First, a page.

What Is Yoga?

Yoga is an ancient Indian philosophy that enhances personal growth and well-being. Although yoga has several branches, the best known in the Western world is Hatha Yoga. Hatha Yoga is a form that encompasses all physical styles of yoga, including Ashtanga, Anusara, Bikram, and Iyengar. These forms primarily focus on the physical practice of yoga and include stretches, strength postures, breathing exercises, and deep relaxation.

Choosing an Instructor

When researching classes in your area, it is important to find a registered yoga teacher. Instructors should have completed a minimum of 200 hours of training in their style. Don’t be afraid to ask the instructor about her training and whether she has worked with clients with conditions such as arthritis.

Your First Class

Because each style of yoga has its own benefits, it's important to find a style that meets your needs. For example, Ashtanga Yoga is a physically demanding practice in which participants move from posture to posture in a flowing sequence. Bikram Yoga is a set series of 26 postures performed in a room where the temperature is upward of 100 degrees. Lyengar is known for its attention to detail and the precise alignment of postures as well as the use of props such as blocks and belts. What to expect in your first class will vary depending on the style of yoga you choose. Generally with Hatha Yoga, you can expect to perform a series of standing postures, balancing postures, seated postures, spinal twists, and a 5-10 minute relaxation finale.

What to Wear/Bring

Yoga is typically performed in bare feet. With regard to clothing, comfort is key. You should wear a somewhat fitted shirt and shorts/pants that allow you to have a full range of motion. Stay away from baggy clothing which may be too revealing in certain positions and will not allow the instructor to see if your alignment and form are correct. The majority of studios will have all the equipment you need for the class, but you may want to call in advance to ensure they provide mats. Some studios will rent mats for a nominal fee, although you may want to bring your own. It's also important to bring water to stay hydrated before, during, and after the practice. Note that some forms of yoga discourage drinking fluids during the practice. Things you may not want to wear include dangling jewelry and strong-scented perfumes and lotions.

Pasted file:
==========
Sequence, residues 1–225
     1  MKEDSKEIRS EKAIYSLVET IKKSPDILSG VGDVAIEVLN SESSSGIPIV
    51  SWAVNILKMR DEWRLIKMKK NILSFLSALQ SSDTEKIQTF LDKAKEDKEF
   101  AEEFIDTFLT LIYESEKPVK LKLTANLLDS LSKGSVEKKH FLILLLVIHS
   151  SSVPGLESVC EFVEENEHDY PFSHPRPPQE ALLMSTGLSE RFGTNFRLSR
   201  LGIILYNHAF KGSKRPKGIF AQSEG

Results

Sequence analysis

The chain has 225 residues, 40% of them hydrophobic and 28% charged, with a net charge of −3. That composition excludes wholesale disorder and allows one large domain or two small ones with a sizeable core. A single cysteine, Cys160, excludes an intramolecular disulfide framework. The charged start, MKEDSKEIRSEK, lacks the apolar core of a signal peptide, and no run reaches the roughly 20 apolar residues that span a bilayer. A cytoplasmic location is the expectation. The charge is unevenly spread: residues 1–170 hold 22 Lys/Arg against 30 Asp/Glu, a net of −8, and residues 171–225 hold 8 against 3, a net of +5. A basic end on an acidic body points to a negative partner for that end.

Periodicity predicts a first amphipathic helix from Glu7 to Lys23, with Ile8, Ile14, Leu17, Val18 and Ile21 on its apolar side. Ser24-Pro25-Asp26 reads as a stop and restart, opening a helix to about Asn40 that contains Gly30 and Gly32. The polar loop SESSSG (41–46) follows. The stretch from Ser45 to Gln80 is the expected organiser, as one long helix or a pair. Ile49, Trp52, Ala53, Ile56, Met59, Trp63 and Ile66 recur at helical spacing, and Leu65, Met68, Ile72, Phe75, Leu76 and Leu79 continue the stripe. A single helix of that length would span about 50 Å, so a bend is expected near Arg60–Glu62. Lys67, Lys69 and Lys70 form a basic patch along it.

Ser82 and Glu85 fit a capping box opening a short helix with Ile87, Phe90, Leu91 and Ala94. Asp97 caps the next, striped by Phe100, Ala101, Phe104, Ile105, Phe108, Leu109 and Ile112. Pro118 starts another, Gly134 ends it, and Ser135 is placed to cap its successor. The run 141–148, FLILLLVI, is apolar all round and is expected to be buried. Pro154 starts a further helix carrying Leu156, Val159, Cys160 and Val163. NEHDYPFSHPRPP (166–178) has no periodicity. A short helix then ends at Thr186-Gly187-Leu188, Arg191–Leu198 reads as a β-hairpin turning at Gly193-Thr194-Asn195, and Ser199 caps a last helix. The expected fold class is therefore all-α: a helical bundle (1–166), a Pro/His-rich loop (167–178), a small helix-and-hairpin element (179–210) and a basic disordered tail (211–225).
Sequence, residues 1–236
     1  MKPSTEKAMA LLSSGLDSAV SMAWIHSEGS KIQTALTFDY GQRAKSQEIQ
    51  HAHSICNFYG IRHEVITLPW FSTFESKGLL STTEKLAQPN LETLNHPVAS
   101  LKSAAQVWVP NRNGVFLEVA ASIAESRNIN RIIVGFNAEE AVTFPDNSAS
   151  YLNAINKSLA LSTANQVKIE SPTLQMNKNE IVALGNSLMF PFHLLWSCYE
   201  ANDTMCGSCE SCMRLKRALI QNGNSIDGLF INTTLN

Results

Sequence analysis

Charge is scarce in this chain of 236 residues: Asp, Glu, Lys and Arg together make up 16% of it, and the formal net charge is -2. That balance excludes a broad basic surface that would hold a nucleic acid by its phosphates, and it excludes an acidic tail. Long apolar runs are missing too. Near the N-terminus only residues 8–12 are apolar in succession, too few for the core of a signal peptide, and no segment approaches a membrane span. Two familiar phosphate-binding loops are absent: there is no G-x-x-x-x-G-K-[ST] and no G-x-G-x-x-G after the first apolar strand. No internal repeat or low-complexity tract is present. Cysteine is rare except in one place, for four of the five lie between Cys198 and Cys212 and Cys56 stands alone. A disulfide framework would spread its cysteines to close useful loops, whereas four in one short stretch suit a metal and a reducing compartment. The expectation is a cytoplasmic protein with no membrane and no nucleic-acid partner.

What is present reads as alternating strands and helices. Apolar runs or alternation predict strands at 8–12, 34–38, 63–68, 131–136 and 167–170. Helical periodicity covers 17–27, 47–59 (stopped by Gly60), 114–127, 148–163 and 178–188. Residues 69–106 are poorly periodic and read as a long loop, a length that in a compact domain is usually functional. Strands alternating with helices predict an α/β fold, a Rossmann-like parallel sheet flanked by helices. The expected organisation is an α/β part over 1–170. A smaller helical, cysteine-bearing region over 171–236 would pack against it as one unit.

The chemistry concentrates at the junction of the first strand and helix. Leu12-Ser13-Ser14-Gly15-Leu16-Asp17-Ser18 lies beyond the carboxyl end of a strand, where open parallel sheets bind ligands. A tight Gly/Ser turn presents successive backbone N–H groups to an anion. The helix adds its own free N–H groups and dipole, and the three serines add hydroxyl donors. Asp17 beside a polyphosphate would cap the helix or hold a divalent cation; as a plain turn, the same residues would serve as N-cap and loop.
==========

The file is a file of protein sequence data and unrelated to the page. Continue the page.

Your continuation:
Yoga Postures

Tree Pose (Vriksha-asana)

  • Stand with your feet together and arms by your sides in Mountain Posture (Tad-asana).
  • Bend your right leg at the knee and bring the sole of your right foot as high up on the inside of your left thigh as possible.
  • Balancing on your left foot, bring your palms together. Then inhale and raise your arms toward the ceiling. Hold the posture while breathing gently through your nose for about 10 breaths.
  • Lower your arms and leg and return to Tad-asana or standing position, with your feet together and arms at your sides. Pause and repeat on opposite leg.

Warrior Two (Virabhadra II)

  • Stand at Tad-asana.
  • Jump feet apart about 3-1/2 to 4 feet and bring your arms out to a T position.
  • Turn your right toes to the right side of the room and slightly pigeon-toe your left foot.
  • Bend your right knee until it is at a 90-degree angle and your knee is tracking over your ankle. Ensure weight continues to press toward the baby toe side of your right foot to prevent the knee from rolling in toward the big toe. Breathe gently through your nose for about 10 complete breaths.
  • Straighten your right leg and turn your toes to the left. Either jump or walk legs back together to Tad-asana. Repeat on other side.